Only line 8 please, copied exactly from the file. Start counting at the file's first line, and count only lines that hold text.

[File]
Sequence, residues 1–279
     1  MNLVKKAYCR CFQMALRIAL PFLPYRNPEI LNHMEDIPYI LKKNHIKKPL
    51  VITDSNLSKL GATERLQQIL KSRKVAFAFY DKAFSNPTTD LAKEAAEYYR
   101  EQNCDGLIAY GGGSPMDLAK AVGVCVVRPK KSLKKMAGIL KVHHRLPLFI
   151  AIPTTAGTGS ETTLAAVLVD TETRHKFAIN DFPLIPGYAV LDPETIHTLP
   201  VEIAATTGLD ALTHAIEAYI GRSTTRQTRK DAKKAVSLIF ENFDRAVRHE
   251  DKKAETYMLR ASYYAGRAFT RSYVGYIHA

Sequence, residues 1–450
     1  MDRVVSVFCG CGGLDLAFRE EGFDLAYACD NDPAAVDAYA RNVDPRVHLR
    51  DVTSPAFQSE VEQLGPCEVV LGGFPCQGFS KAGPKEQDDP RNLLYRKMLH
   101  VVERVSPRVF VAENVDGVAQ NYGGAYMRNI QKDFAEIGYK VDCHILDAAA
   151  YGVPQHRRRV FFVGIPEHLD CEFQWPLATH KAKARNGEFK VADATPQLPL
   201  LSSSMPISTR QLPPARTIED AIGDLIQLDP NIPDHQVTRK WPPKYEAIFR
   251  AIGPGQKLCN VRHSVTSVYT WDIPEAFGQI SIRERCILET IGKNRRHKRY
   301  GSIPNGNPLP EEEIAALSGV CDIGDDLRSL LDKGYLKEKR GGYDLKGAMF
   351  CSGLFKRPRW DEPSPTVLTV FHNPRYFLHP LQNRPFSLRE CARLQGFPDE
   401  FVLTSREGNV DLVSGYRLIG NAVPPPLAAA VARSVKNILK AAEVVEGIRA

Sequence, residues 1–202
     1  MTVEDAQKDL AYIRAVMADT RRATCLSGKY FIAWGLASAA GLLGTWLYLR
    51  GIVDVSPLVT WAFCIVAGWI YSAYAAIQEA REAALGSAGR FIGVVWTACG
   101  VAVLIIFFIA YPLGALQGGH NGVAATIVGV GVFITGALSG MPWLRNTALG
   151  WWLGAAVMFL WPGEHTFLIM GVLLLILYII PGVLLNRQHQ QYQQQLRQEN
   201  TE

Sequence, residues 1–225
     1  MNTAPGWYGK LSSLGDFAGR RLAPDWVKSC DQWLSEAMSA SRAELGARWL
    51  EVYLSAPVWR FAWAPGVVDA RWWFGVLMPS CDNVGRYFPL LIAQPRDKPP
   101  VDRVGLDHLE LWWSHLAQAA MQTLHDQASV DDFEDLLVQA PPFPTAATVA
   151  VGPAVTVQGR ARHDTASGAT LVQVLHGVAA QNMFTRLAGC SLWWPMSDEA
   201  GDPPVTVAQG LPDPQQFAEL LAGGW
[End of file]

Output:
Sequence, residues 1–450